No treatment, no cure: Patients await answers about debilitating disease related to long COVID

No treatment, no cure: Patients await answers about debilitating disease related to long COVID

No treatment, no cure: Patients await answers about debilitating disease related to long COVID

An early 2020 run-in with COVID-19 changed Andy Flosdorf’s entire life.

Months later, he couldn’t shake what he called a “brain fog,” and in the fall, he was finally diagnosed with Myalgic encephalomyelitis/chronic fatigue syndrome, better known as ME/CFS.

It’s a debilitating disease associated with profound exhaustion, sleep abnormalities, pain and other symptoms that are worsened by any physical or mental exertion.

“The first thing [the doctor] said was, ‘You’d have been better off having a heart attack. At least that we can do something about that,” Flosdorf said.

“It was really terrifying.”

ME/CFS can be contracted after a range of viral infections. It’s been around far longer than COVID-19, but its symptoms, in recent years, have been recognized as one of the more severe cases of long COVID.

Flosdorf says it impacts his memory and has kept him out of work and from doing about 90% of what he used to, which can be isolating.

It’s both “frustrating” and “it can be very lonely,” he said.

“So if I’m going out like to be part of this discussion today,” he said, referring to the interview, “I have planned for that for quite some time. I took my shower and cleaned yesterday so that I wouldn’t have to do that today, so that I would have more energy today for this discussion.”

Billy Hanlon was in the same boat as he arrived with Flosdorf for an interview. Hanlon is the director of advocacy and outreach at the Minnesota ME/CFS Alliance. He, too, has the diagnosis.

“Hard to pronounce, harder to live with,” he joked, adding, “We don’t know the cause. And obviously, there’s no cure.”

Hanlon developed the disease in 2017 after a run-in with a different viral infection. Since then, he says he’s been fighting for answers like clear diagnostic tests and proper treatment that might provide some relief.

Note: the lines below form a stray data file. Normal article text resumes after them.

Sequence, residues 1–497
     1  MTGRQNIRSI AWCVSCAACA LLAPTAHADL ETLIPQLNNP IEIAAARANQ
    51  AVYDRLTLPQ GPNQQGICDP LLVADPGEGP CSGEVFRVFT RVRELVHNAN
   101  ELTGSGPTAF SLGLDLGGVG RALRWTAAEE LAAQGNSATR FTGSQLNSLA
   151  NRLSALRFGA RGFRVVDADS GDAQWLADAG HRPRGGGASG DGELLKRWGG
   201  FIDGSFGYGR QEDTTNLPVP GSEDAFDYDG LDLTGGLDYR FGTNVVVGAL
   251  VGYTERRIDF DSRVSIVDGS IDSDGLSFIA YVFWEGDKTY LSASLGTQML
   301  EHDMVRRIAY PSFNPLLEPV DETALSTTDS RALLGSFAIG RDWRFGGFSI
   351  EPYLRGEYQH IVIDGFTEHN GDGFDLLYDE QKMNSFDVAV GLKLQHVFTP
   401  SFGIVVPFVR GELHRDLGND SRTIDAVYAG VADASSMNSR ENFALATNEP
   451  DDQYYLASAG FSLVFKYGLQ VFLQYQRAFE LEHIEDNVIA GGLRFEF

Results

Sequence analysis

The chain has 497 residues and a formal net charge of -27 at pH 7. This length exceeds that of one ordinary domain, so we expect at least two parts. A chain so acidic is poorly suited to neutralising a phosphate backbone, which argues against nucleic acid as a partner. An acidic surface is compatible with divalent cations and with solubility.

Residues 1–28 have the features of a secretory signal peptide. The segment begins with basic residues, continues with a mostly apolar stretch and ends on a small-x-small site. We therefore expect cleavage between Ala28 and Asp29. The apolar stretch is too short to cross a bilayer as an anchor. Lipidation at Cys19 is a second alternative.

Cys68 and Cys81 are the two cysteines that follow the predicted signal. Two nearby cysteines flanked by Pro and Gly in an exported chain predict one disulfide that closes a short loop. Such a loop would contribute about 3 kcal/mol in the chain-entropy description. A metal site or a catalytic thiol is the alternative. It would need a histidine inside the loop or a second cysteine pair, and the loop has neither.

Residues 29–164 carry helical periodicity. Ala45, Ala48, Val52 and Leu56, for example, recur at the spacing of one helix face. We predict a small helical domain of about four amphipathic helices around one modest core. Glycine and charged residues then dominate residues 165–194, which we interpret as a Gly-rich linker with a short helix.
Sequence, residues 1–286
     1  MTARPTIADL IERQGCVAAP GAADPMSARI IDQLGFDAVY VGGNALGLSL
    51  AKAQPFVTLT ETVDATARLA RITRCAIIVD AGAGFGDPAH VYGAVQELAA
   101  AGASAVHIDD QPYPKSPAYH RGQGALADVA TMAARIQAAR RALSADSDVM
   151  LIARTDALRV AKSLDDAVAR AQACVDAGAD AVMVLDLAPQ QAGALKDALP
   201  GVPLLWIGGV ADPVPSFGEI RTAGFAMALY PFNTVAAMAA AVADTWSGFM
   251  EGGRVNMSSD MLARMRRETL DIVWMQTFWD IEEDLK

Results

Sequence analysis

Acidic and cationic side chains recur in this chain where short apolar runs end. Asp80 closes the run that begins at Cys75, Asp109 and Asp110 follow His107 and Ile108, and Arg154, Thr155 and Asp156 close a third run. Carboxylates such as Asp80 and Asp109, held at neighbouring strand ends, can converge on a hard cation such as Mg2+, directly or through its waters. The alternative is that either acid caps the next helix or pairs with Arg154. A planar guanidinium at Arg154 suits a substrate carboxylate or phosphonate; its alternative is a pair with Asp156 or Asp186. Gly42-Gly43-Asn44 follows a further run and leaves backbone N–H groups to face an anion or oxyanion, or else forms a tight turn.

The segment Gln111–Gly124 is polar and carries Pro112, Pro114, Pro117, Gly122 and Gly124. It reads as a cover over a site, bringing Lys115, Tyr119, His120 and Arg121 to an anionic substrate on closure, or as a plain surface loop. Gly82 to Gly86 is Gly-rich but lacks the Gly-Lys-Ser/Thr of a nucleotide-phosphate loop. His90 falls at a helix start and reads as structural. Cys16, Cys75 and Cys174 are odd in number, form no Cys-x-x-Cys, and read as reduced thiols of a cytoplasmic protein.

“We know the chronic consequences of infectious disease has been in the scientific literature for over 100 years. But for a variety of reasons, unfortunately, they’ve been very under-resourced, very underfunded, very under researched and highly overlooked,” Hanlon said.

ME/CFS “has been relegated to the margins of medicine when you don’t have money and funding allocated for it,” he added.

Hanlon and Flosdorf say if there’s a “silver lining” to the pandemic, it’s an increased effort to understand the disease which has become intertwined with long COVID.

“It is slow, it will be slow moving,” Hanlon said, referring to long COVID research efforts. “But the frustration is that it’s taken this event to really bring [ME/CFS] to the public’s attention.”

Kate Murray is the program manager of the long COVID program at the Minnesota Department of Health.

Earlier this year, the Minnesota Legislature invested an ongoing $3.146 million a year to address the post-COVID illnesses that have affected about 12% of Minnesotans since 2020, she said.

“And it’s a subset of that percent that would have the really severe long COVID that can be debilitating or impact quality of life,” Murray added.

When asked, she said doctors don’t currently have the tools necessary to diagnose and treat long COVID.

“We don’t have a single diagnostic test that can very easily show someone has long COVID. And actually, some of the kind of usual tests that doctors might run will come back normal. It doesn’t mean that there’s not something going on, it just means that we’re not looking in the right place, or looking for the right underlying causes. So that makes it really difficult,” Murray continued.

“It’s also tricky because there’s no cure yet.”

Asked when those living with long COVID might have some answers and potential treatments, she said, “I can’t put a timeframe on it, but I’m hopeful that we’re starting to get some glimmers of indication of what’s causing these conditions, how we can prevent these conditions and how we can support people who are being impacted while we wait for those answers.”

The Department of Health should have some initial data to share in a couple of months, Murray said.

Hanlon and Flosdorf said they hope progress in Minnesota spurs more at the federal level as funding for research wanes.

Hanlon invited anyone suffering from potential ME/CFS symptoms to get connected with the Minnesota ME/CFS Alliance and associated resources.